Ono Gagaku Kaï - Japon. Gagaku

Posted By MiOd On Monday, December 30, 2013 0 comments
Japan: Gagaku, a collection of high-quality gagaku works courtesy of the Ono Gagaku Kai Society, one of the better private organizations dedicated to the preservation of an old art (the society dates back to the end of the 19th century, but the art is one of the older surviving musics known to man). Two of the three major divisions of gagaku are represented here, as kangen and bugaku forms are displayed to their fullest (instrumental and dance forms, as vocal/uta-mono is excluded from the album). The album opens with the standard piece of gagaku, "Etenraku." This gives the group some room to stretch out on the tuning-up period a bit and then move into the full instrumental glory of the work. A dance piece stemming from the Rg Veda follows, with a vaguely related longer one from western Asia following it. "Gakkaen" stands as one of the oldest pieces of music, recorded to be in use as early as 702 A.D., and is an interesting instrumental take on an old dance movement. "Bairo" is another work stemming from the Vedic culture, surrounding a prince Vairo-dhaka. The album closes with a dance work of Korean provenance, making even heavier use of the sho than the majority of the tracks (which is saying something in a gagaku ensemble). For newcomers to the rather otherworldly sound of gagaku, the recording of the Kyoto Imperial Court Orchestra on Lyrichord might prove a better introduction, given their virtuosity and encompassing of the full range. Japan: Gagaku is a fine album nonetheless, with able musicians providing a wealth of musical goodness in an ancient tradition.

1. Etenraku
2. Batô
3. Genjôraku
4. Gakkaen
5. Bairo
6. Nasori

320 kbps including Covers

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Maroc. Musique classique Andalou-Maghrébine

Posted By MiOd On Monday, December 30, 2013 0 comments
Orchestre De Fez ‎
– Maroc Musique Classique Andalou
- Maghrebine
Given the long and complex nature of Moroccan classical music, or the Andalou-Mahgrebine, the compilers of this volume on the state of the tradition since 822, have centered themselves on one form of music, the nawbat, which is ostensibly a suite of songs in five movements with differing time signatures. Each movement comprises a series of poems (each one being a san'a of two, five, or seven lines) sung over different melodies. A single movement of the nawbat may contain over 40 san'a! There are purely instrumental passages as well, which serve as preludes or interludes, and in some cases even etudes. The center of each nawba is a melodic mode, which influences from the start all other melodies, harmonic restrictions, and architectures, etc. Modes can be introduced that differ, but they must contain the root of the original within them. Other rules governing the nawbat are occasions and the hours of the day when they are to be performed. In antiquity, there were 24 full nawbat. There remain only four complete ones and seven fragmentary. The full nawbat are rarely performed, as several hours is required to complete the cycle. What this disc features is a fragmentary nawbat as conceived by Morocco's authority and producer of such performances al-Haj'abd al-Krim al-Rayis, entitled "min wahi al-rabab." The poems tell stories of love, passion, and devotion to the prophet Mohammed and the desire for Divine Union. Interestingly, unlike in other Moslem societies, physical love is not left out of the cycle and in the singer's voices along with the oud, tar, violin, viola, cello, qanun. Rabab and other instruments, the singers' voices are intoxicated with their texts in the face of the music, and become enrapt, their voices cracking and groaning in pleasure and devotion as they whir and whirl around their instrumental counterparts. Though there are no translations in the booklet of the poems, it's just as well; the poetry and wondrous mystery is in the sound itself.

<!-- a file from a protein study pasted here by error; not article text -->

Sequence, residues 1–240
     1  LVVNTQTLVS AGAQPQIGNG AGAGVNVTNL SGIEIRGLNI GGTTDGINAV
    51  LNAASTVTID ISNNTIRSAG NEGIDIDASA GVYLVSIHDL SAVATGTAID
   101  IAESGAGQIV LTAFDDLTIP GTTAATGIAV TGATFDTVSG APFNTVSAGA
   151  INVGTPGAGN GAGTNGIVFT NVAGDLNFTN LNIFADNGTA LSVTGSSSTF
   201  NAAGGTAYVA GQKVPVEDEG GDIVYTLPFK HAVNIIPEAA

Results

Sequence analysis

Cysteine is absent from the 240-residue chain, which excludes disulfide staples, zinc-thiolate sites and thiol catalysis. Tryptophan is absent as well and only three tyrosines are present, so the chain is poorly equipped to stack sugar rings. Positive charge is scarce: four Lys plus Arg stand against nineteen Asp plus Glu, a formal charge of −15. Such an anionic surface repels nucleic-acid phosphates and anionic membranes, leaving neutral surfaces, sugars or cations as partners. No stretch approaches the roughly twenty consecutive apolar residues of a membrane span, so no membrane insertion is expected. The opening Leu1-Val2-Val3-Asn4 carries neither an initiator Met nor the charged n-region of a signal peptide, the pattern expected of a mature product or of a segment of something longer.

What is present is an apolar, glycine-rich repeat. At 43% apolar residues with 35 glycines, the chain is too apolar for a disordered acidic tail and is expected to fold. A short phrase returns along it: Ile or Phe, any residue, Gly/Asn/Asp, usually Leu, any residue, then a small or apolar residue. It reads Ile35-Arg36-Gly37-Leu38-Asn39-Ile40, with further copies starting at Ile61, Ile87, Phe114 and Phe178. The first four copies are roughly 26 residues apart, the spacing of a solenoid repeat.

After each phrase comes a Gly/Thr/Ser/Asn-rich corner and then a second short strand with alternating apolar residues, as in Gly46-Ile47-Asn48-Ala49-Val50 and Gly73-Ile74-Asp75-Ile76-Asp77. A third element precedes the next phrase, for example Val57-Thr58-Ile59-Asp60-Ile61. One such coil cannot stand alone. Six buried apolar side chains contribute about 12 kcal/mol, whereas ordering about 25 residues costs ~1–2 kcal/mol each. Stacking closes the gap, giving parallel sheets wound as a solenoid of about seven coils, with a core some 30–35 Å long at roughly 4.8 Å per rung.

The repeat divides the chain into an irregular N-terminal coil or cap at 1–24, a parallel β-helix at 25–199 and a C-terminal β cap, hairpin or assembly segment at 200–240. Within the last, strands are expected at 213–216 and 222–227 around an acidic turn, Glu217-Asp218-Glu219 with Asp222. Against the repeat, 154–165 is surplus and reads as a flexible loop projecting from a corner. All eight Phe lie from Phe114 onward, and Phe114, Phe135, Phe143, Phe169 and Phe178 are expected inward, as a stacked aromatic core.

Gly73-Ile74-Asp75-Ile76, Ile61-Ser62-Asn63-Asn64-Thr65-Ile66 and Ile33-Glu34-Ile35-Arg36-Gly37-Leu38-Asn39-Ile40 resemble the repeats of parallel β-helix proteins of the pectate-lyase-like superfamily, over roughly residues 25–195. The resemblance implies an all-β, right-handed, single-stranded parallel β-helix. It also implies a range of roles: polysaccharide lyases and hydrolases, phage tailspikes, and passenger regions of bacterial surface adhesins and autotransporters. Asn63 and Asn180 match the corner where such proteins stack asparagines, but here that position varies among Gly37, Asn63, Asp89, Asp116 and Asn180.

1. Nûba - Al-Hijâz Al-Kabîr - Rais / Orchestre De Fez
2. Nûba - Al-'Istihlâl - Rais / Orchestre De Fez

Flac tracks (EAC Rip): 320 MB | MP3 - 320 kbs: 120 MB | Front Cover

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Shivkumar Sharma ‎– Classical Melodies On The Santoor

Posted By MiOd On Monday, December 30, 2013 0 comments
Shivkumar Sharma ‎– Classical Melodies On The Santoor [LP]
Shivkumar Sharma (born 13th January 1938) is an Indian classical musician, working in the Hindustani classical music tradition. He is a master of the santoor, a folk instrument from the valley of Kashmir. It is a type of hammered dulcimer whose strings are struck with a pair of light carved wooden mallets. Before him the santoor was regarded as only an accompanying instrument.